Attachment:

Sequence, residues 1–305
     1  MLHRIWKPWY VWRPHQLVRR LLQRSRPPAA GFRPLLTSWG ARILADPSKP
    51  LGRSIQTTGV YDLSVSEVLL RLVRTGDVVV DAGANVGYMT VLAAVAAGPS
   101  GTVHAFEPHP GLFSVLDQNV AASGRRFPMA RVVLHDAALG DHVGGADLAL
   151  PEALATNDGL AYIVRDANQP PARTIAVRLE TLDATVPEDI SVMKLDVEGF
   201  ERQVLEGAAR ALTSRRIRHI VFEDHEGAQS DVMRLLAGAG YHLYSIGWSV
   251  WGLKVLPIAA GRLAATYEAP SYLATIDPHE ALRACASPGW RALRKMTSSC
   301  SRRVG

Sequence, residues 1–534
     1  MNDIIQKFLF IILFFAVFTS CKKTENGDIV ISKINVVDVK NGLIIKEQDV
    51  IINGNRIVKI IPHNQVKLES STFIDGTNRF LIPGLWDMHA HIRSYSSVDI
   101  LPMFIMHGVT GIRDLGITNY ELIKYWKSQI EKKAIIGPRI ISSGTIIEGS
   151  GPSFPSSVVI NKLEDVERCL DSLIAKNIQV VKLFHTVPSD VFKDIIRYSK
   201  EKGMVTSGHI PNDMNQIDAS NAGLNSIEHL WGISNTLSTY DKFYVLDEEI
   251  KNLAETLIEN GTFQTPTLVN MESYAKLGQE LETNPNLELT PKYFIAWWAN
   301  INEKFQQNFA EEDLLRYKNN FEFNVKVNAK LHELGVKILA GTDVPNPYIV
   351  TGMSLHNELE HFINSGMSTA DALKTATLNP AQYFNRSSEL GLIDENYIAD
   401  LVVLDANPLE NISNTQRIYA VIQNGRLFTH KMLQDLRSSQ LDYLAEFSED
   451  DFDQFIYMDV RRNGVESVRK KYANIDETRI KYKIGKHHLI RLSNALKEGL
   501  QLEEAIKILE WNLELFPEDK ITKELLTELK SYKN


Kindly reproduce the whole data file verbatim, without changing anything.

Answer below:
Sequence, residues 1–305
     1  MLHRIWKPWY VWRPHQLVRR LLQRSRPPAA GFRPLLTSWG ARILADPSKP
    51  LGRSIQTTGV YDLSVSEVLL RLVRTGDVVV DAGANVGYMT VLAAVAAGPS
   101  GTVHAFEPHP GLFSVLDQNV AASGRRFPMA RVVLHDAALG DHVGGADLAL
   151  PEALATNDGL AYIVRDANQP PARTIAVRLE TLDATVPEDI SVMKLDVEGF
   201  ERQVLEGAAR ALTSRRIRHI VFEDHEGAQS DVMRLLAGAG YHLYSIGWSV
   251  WGLKVLPIAA GRLAATYEAP SYLATIDPHE ALRACASPGW RALRKMTSSC
   301  SRRVG

Sequence, residues 1–534
     1  MNDIIQKFLF IILFFAVFTS CKKTENGDIV ISKINVVDVK NGLIIKEQDV
    51  IINGNRIVKI IPHNQVKLES STFIDGTNRF LIPGLWDMHA HIRSYSSVDI
   101  LPMFIMHGVT GIRDLGITNY ELIKYWKSQI EKKAIIGPRI ISSGTIIEGS
   151  GPSFPSSVVI NKLEDVERCL DSLIAKNIQV VKLFHTVPSD VFKDIIRYSK
   201  EKGMVTSGHI PNDMNQIDAS NAGLNSIEHL WGISNTLSTY DKFYVLDEEI
   251  KNLAETLIEN GTFQTPTLVN MESYAKLGQE LETNPNLELT PKYFIAWWAN
   301  INEKFQQNFA EEDLLRYKNN FEFNVKVNAK LHELGVKILA GTDVPNPYIV
   351  TGMSLHNELE HFINSGMSTA DALKTATLNP AQYFNRSSEL GLIDENYIAD
   401  LVVLDANPLE NISNTQRIYA VIQNGRLFTH KMLQDLRSSQ LDYLAEFSED
   451  DFDQFIYMDV RRNGVESVRK KYANIDETRI KYKIGKHHLI RLSNALKEGL
   501  QLEEAIKILE WNLELFPEDK ITKELLTELK SYKN